My fellow CO’s and I would gather on Sundays to read the Bible and to sing a few hymns. We learned very quickly not to sing too loud or to bring attention to ourselves. The first time we met together, one of the soldiers who was guarding our barrack heard us singing in Deitch. He came right away into the room and stood next to me with his rifle up, like he wanted to scare me. And he did. But that was not enough for him. He yelled at us to “Shut up talking that vulgar language!” and “What are you; friends of the Kaiser?” It made us angry, but what could we do? We sat and said nothing.

One night, a man who had been upset with us when we first came to the camp began to shout and push us as we went to the showers. He was angry about our beards. He told us, that “No self-respecting man wears a beard like yours,” and he ran into the latrine. When he came out, he was carrying a strop and razor. He sharpened the razor against the strop while he laughed at us. Then he and another soldier grabbed Walter Kraybill and forced him to the floor. By the time they were finished with him, Walter had blood oozing from cuts all over his chin. Most of his beard was gone, but I noticed two or three tufts of hair poking out at the bottom of his face. I felt much sorrow for Walter. He was so ashamed.

One Sunday we were assembled in our barrack reading Mathew 5. Walter just started to read “whosoever shall smite thee on thy right cheek, turn to him the other also,”when suddenly a group of five soldiers rushed in and grabbed me. They began to drag me to the latrine.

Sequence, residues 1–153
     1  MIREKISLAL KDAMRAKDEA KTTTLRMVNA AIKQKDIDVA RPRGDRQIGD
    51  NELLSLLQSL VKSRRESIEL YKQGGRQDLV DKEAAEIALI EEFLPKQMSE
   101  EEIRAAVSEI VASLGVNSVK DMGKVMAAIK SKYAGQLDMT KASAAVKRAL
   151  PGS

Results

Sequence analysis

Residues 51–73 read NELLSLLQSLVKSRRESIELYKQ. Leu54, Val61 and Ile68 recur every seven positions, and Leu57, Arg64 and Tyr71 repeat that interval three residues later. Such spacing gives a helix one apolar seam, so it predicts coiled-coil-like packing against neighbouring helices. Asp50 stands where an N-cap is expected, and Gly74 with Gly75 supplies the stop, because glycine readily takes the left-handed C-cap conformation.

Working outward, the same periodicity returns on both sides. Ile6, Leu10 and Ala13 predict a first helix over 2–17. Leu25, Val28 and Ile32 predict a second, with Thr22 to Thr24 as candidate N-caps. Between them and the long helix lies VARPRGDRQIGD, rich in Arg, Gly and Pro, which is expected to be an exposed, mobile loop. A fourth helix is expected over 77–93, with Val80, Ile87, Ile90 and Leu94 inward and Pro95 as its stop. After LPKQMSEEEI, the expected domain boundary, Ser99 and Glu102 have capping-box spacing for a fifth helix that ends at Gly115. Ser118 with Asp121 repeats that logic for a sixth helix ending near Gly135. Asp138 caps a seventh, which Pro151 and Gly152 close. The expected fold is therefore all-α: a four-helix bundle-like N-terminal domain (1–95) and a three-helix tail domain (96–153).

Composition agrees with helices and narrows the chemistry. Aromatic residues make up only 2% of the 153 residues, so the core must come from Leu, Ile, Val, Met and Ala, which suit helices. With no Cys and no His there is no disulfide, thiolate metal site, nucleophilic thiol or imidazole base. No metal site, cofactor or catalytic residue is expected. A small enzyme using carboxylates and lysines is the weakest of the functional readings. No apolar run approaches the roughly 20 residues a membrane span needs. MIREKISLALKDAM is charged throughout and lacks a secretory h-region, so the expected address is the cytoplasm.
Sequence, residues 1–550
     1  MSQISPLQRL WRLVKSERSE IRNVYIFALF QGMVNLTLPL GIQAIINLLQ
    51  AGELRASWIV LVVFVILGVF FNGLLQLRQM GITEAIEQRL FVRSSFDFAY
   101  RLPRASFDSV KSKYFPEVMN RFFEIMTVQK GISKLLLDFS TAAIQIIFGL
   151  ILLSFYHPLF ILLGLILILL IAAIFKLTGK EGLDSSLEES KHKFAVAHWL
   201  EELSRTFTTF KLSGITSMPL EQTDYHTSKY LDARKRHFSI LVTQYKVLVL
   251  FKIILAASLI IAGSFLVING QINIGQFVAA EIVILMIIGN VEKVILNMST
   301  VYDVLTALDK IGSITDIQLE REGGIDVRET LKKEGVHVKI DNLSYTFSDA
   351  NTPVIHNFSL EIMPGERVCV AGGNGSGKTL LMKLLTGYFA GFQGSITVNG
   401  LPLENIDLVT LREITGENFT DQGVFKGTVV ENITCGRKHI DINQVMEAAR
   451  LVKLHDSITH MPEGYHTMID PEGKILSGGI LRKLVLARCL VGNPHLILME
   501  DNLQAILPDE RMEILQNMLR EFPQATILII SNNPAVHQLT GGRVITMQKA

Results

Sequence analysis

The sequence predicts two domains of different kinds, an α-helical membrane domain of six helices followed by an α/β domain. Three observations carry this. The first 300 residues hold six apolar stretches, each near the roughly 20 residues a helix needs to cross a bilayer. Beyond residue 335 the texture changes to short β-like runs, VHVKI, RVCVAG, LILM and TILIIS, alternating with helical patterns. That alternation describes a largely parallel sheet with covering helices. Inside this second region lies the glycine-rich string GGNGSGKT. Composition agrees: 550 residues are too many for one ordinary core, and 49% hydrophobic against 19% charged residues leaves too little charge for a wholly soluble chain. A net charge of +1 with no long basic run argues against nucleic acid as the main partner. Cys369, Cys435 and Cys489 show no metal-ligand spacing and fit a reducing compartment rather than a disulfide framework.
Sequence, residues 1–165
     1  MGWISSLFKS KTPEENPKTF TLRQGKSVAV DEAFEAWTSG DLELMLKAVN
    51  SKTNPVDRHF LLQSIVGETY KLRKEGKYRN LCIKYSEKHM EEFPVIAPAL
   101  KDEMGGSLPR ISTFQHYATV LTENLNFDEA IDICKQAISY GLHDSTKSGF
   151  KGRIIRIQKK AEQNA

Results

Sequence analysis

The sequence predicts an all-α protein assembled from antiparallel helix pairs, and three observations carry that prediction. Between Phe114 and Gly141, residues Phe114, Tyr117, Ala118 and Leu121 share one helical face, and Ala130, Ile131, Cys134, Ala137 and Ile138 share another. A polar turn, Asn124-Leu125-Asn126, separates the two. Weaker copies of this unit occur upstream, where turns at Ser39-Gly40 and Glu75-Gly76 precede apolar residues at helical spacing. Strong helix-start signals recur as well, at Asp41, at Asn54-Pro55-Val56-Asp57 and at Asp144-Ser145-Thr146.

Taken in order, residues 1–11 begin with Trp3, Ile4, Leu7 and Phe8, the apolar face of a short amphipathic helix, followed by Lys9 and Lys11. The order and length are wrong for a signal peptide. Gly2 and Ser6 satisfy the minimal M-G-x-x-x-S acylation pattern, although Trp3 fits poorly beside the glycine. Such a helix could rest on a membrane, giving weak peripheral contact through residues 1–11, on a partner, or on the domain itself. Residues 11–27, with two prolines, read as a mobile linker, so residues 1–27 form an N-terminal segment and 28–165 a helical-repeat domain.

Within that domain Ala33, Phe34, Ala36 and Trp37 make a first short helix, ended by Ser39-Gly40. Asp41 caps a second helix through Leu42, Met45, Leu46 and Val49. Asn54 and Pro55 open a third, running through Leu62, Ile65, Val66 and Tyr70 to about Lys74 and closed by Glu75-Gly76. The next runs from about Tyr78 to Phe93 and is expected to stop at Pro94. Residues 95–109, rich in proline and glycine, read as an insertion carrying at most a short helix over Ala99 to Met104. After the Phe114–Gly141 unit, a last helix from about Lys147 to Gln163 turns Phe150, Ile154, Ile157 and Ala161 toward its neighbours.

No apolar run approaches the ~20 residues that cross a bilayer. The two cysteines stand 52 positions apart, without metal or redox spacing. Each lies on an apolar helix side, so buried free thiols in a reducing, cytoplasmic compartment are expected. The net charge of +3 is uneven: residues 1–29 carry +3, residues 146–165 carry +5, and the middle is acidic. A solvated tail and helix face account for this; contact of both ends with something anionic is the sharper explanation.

I fought against them at first, digging in my heals, but I heard Walter call out to me, “Whosoever shall smite thee, Daniel!” I went limp and let them take me into the latrine. They dragged me to the toilet and dunked my head in the bowl over and over. They laughed and told me they were “baptizing” me, making sput of my Anabaptist heritage.

A day came when another Amish man, Josef Schwartz, was thrown onto his cot after he had been scrubbed down with a wire brush. His arms and legs were bare and the blood bits showed bright against his pale skin. His clothing had been removed because he refused to wear a military uniform. I remember how he turned his head to the wall and tried to keep us from hearing his humiliated sobs.

We were made to stand outside, with just our Amish clothes on, until our hands and ears were raw with the cold. I made myself think only of Katie that day, and I wondered if she had to suffer, too. I prayed she did not.

I never told her all of the things that were done to me, but these are my memories of World War I in America.

kinna: children
sput: make fun of, mock
The Holy Bible, King James Version